The first step…

…is admitting you have a problem.

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I’ve got a dirty secret hiding in my basement. It seemed like a good idea at the time, but since it’s mostly out of my sight, it’s completely out of my mind. It could be good again, but…

The shame.

I have a small freezer full of food from who knows when and an ever growing block of ice needing to be defrosted.

That’s not entirely true. I do know when. I carefully labeled most containers and bags so I know exactly how old some of the stuff in there is, but I’m not sure I can admit it.

I have a freezer hoarder family history. My grandmother had a huge chest-style freezer in her basement. It was so huge, it was easy to see how things at the bottom might go missing for a while. Plus she lived through the Depression, so she always kept a memory, I think, of having done without. Her freezer was part of her guarantee of plenty. Of enough.

Mine is just out of my sight. And unremembered.

It started well. I purposely bought a small freezer to avoid the losing food problem. Mine is relatively small. Unlike the big chests, mine is tall and skinny and opens like a refrigerator. Every summer we have so many berries and other great fruit, I needed a place to ferret some away for winter. I also had a farmer for meat periodically, so there needed to be a place for that.

It worked pretty well for a while, but at some point it went away from my brain. I knew there was a chicken in there and lots of berries. I wasn’t sure what else except the ever growing ice block.

Tonight I was downstairs doing laundry. It was time. If I was going to get better, I had to face it head on. I opened the door. Yep, the giant block of ice was bigger, like an ice tumor taking over the upper shelf.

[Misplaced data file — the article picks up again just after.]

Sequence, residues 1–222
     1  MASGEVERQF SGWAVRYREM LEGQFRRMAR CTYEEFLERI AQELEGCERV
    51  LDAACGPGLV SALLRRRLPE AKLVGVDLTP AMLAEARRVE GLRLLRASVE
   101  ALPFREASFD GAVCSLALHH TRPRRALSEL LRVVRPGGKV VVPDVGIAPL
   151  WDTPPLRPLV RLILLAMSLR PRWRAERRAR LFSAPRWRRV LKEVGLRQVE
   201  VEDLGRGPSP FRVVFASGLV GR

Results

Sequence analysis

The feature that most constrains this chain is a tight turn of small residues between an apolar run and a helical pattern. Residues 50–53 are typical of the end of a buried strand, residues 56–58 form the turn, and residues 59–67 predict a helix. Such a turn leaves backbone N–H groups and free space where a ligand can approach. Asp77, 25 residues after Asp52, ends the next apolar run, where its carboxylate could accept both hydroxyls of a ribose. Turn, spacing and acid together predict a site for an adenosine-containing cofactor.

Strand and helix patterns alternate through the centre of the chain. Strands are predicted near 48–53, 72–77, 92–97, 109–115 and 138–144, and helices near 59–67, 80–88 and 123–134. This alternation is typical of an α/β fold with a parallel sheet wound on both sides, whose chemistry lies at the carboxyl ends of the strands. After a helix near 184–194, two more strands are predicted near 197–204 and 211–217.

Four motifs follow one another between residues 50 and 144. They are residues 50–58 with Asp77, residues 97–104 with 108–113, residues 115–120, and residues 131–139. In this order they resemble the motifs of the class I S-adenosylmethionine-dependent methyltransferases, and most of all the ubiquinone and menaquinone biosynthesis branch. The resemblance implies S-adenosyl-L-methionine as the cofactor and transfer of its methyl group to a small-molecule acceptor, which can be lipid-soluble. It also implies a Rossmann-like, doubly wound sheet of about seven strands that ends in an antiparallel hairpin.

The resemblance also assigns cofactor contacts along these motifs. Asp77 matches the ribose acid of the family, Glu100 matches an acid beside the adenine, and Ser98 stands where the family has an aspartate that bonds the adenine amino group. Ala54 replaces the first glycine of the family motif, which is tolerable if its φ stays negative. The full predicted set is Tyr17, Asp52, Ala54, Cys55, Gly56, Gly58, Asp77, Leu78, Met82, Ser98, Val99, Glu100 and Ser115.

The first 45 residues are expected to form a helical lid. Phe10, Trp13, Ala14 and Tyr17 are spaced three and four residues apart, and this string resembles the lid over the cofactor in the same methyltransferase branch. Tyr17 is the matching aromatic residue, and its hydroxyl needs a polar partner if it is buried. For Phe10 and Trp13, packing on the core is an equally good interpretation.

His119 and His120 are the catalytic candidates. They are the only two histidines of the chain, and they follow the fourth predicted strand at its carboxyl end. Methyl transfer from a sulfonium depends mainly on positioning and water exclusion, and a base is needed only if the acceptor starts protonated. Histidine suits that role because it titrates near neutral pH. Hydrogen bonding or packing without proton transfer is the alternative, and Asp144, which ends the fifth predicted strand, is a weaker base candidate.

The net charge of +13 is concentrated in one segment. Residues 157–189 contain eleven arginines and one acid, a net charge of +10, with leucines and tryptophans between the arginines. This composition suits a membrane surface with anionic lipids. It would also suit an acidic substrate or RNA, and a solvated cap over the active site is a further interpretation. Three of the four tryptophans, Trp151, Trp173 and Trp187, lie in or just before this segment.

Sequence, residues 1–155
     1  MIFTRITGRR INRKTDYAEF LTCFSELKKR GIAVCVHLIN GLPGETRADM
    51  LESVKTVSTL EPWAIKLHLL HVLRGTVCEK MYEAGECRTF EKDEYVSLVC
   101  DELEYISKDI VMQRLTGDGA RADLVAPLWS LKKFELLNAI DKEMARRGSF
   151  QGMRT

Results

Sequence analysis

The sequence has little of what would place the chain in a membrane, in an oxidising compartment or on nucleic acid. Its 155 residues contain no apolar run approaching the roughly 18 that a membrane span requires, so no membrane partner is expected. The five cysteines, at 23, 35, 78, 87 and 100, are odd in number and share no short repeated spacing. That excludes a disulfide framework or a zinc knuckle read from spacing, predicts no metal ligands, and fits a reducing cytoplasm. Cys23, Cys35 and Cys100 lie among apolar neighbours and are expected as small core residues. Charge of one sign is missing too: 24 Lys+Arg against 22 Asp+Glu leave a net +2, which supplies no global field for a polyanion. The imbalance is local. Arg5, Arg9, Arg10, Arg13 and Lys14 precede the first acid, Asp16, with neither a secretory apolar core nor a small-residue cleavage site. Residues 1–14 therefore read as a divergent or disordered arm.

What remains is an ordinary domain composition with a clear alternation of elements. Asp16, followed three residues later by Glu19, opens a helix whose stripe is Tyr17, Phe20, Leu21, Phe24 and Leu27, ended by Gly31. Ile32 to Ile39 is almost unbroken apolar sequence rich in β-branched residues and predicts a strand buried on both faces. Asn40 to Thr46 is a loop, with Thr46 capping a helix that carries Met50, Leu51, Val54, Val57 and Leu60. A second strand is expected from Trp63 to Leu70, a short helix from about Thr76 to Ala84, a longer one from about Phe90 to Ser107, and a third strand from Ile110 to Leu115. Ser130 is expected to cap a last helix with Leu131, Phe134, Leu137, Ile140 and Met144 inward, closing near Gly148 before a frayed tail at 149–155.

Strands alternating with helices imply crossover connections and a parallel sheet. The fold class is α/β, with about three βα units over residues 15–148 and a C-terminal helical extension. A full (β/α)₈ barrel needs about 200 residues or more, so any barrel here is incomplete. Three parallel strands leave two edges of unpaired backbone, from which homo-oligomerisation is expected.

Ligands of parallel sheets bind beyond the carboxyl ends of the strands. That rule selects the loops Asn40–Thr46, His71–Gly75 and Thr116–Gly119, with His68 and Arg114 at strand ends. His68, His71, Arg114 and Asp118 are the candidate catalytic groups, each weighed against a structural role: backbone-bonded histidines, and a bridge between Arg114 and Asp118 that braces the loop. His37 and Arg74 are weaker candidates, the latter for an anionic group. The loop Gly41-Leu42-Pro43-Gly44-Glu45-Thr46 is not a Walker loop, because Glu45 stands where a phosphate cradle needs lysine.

There was the chicken as expected. And some bacon. Some ground lamb. Some beef for kabobs. All inventoried for dinners soon.

There were berries. Lots and lots of them, especially blueberries. I went through a smoothie phase and it was clear from the dates on the bags when I had stopped.  Maybe still useful.

I did find two containers I did not recognize. It could be soup. Maybe it’s chili. Or something else. I brought one up to defrost so I would know what it is. It might get eaten if it’s still edible, but either way it needs to be out of the freezer.

Looking for a win, I brought up two bags. One has four cups of crushed raspberries ready for making jam. I’m not sure why that never happened, but it’s thawing and hopefully I can do that tomorrow — a few pints of simple jam.

I had a second small bag of whole raspberries (maybe one and a half cups at most) but they were pretty icy. Instead of letting them thaw, I put them into a small pan and added the juice of three limes and two scoops of sugar, and brought the mixture to a boil and then a simmer for ten minutes. Just before it was done, I threw in some pomegranate seeds I bought recently at Trader Joe’s. It tasted ok, so even though the berries were old, it’s edible.

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I now have a lovely jam/sauce that is still tart that I can put into yogurt or on toast. At least it stands a chance, now that it’s in the kitchen and in my view.

I will keep working to get that freezer emptied out and then properly defrosted. I am excited to fill it with lovely things from the Northwest again this summer, but I vow to keep some kind of an inventory upstairs on my fridge so I track what’s there and don’t forget about it again.

I can be a recovering freezer hoarder. The first step is admitting I have a problem.

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